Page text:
To enforce antidiscrimination and other employment related laws.
What are three important concepts covered by EEO laws?
Discrimination, affirmative action, and sexual harassment.
Affirmative action focuses on:
Achieving equality of opportunity within an organization. It tries to make up for past discrimination in employment by actively finding, hiring, and developing the talents of people from groups traditionally discriminated against. It’s important to note that EEO laws do not allow use of hiring quotas.
What are some steps used in Affirmative Action?
Active recruitment, elimination of prejudicial questions in interviews, and establishment of minority hiring goals.
Affirmative action plans are more successful when:
Employees view them as being fair and equitable and when whites are not prejudiced against people of color.
Research shows that women and minorities hired on the basis of affirmative action felt:
Stigmatized as unqualified and incompetent and experienced lower job satisfaction and more stress than employees supposedly selected on the basis of merit.
What is sexual harassment? What are the two types?
Sexual harassment consists of unwanted sexual attention that creates an adverse work environment. The two types are Quid pro quo--tangible economic injury and a hostile environment--offense work environment.
What is Quid pro quo?
The person to whom the unwanted sexual attention is directed is put in the position of jeopardizing being hired for a job or obtaining job benefits or opportunities unless he or she implicitly or explicitly acquiesces.
What is a Hostile Environment?
In the hostile environment, the person being sexually harassed doesn’t risk economic harm but experiences an offensive or intimidating work environment.
What is recruiting and what are the two types?
Recruiting is the process of locating and attracting qualified applicants for jobs open in the organization. You want to find people whose skills, abilities, and characteristics are best suited to your organization. Recruiting is of two types: internal and external.
What is internal recruiting?
Internal recruiting means making people already employed by the organization aware of job openings by using a job posting which places information about job vacancies and qualifications on bulletin boards, in newsletters, and on the organization’s intranet.
What is external recruiting?
Outside External recruiting means attracting job applicants from outside the organization.
Which recruiting method is most effective?
In general, the most effective sources are employee referrals because, to protect their own reputations, employees are fairly careful about whom they recommend, and they know the qualifications of both the job and the prospective employee.
What are some advantages of internal recruiting?
1. Employees tend to be inspired to greater effort and loyalty. Morale is enhanced because they realize that working hard and staying put can result in more opportunities.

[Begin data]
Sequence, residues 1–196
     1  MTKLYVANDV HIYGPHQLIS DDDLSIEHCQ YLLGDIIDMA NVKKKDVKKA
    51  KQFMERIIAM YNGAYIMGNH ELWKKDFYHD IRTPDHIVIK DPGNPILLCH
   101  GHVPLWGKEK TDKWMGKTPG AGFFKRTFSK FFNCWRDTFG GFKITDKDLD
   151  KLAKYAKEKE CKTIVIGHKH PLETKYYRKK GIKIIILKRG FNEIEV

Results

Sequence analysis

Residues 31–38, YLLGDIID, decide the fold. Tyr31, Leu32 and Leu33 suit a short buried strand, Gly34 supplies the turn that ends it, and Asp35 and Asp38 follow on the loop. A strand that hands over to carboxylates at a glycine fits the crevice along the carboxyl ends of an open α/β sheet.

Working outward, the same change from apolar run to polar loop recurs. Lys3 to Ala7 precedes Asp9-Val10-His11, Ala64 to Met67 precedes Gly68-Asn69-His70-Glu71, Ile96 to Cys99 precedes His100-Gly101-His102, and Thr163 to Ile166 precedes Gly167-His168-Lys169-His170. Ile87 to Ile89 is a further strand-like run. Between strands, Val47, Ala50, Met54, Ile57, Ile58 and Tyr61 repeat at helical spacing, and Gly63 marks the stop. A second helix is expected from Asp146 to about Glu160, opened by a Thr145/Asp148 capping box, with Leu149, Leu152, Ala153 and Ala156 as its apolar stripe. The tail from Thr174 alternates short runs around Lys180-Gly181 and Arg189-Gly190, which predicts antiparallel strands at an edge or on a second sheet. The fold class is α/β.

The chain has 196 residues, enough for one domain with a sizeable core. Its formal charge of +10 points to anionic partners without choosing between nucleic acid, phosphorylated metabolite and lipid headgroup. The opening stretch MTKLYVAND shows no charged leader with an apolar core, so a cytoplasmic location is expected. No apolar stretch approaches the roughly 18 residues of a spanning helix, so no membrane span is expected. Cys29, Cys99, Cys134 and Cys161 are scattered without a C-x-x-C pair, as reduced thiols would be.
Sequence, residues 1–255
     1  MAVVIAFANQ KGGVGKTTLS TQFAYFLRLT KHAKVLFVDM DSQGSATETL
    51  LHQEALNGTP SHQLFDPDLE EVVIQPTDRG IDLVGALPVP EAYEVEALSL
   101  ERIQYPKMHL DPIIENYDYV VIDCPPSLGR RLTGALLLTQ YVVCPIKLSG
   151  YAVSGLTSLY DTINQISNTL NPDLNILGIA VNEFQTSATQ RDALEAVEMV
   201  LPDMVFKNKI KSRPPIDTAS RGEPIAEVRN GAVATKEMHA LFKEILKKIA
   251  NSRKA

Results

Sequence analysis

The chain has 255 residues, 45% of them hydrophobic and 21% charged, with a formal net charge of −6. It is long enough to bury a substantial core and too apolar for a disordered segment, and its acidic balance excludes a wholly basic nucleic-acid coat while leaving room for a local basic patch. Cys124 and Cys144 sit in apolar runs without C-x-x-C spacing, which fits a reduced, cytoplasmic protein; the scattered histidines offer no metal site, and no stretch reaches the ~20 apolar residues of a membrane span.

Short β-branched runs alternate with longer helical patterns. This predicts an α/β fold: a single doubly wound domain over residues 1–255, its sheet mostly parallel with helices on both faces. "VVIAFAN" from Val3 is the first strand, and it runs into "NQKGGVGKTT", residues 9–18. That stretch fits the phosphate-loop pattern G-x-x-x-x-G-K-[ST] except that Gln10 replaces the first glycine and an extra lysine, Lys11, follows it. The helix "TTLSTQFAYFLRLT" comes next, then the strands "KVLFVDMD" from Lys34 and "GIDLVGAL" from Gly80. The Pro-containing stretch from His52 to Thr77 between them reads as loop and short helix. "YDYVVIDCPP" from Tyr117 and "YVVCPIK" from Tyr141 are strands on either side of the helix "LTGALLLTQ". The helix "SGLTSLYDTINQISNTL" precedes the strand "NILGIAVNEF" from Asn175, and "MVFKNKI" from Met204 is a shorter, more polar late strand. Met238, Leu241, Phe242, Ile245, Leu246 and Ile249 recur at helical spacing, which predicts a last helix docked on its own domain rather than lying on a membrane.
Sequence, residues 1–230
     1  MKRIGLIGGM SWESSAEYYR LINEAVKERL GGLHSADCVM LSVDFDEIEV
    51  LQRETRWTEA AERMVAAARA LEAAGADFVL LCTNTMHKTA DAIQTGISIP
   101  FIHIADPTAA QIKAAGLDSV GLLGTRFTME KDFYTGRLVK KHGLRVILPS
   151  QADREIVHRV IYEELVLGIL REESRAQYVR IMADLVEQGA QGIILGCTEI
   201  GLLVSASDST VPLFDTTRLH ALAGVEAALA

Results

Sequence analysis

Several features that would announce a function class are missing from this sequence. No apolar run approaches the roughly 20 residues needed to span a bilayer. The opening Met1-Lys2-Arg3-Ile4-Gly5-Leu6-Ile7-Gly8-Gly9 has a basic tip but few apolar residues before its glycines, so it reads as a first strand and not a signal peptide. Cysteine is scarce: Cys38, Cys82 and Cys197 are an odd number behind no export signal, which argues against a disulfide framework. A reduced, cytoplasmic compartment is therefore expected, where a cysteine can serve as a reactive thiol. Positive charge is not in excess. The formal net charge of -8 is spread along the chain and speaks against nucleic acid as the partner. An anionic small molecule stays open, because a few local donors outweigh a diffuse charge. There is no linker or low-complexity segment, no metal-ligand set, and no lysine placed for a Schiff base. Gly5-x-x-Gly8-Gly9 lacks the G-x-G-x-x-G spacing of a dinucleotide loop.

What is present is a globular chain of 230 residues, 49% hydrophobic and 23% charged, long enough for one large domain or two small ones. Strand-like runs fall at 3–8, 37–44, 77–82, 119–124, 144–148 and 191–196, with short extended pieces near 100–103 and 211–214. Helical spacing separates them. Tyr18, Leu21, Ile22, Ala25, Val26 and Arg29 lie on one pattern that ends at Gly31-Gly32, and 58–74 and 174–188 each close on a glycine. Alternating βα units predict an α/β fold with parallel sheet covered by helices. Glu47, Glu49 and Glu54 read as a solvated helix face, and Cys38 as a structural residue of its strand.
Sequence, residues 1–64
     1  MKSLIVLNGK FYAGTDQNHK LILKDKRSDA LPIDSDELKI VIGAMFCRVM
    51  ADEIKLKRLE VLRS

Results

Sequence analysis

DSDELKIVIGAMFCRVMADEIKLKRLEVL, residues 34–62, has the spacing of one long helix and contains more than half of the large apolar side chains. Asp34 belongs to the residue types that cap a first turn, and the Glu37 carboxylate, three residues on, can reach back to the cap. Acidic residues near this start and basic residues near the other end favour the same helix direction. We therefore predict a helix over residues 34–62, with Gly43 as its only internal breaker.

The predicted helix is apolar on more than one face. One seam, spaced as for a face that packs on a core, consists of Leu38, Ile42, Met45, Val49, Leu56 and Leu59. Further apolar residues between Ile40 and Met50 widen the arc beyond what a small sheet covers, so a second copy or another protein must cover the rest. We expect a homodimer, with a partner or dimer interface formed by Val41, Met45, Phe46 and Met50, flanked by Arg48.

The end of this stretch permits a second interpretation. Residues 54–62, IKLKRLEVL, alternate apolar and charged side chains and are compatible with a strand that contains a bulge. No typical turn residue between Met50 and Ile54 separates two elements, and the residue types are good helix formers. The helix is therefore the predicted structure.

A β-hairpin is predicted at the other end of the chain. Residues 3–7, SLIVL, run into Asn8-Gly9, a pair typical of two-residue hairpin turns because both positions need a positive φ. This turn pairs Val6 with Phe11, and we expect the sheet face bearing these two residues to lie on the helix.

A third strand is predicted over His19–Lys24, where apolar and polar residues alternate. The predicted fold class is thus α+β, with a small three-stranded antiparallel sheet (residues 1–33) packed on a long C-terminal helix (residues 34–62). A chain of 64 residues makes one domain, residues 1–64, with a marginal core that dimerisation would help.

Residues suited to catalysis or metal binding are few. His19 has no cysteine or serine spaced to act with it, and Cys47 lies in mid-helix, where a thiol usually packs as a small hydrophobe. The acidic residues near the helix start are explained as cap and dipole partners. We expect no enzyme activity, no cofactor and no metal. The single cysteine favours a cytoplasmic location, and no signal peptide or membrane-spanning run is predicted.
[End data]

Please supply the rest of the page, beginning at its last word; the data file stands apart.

2. The whole process of advertising, interviewing, and so on is cheaper.
3. There are fewer risks. Internal candidates are already known and are familiar with the organization.
What are some disadvantages of internal recruiting?
1. Internal recruitment restricts the competition for positions and limits the pool of fresh talent and fresh viewpoints.
2. It may encourage employees to assume that longevity and seniority will automatically result in promotion.
3. Whenever a job is filled, it creates a vacancy elsewhere in the organization.
What are some advantages of external recruiting?
Applicants may have specialized knowledge and experience and may have fresh viewpoints.
What are some disadvantages of external recruiting?
The recruitment process is more expensive and takes longer and the risks are higher because the persons hired are less well known.
What is a realistic job preview?
It gives a candidate a picture of both positive and negative features of the job and the organization before he or she is hired. People with realistic expectations tend to quit less frequently and be more satisfied than those with unrealistic expectations.
What is the selection process and what are the three types of selection tools?
It is the screening of job applicants to hire the best candidate. Essentially this becomes an exercise in prediction: How well will the candidate perform the job and how long will he or she stay? Three types of selection tools are background information, interviewing, and employment tests.
What is an unstructured Interview?
Like an ordinary conversation, an unstructured interview involves asking probing questions to find out what the applicant is like. There is no fixed set of questions asked of all applicants and no systematic scoring procedure.
What are some criticisms of the unstructured interview?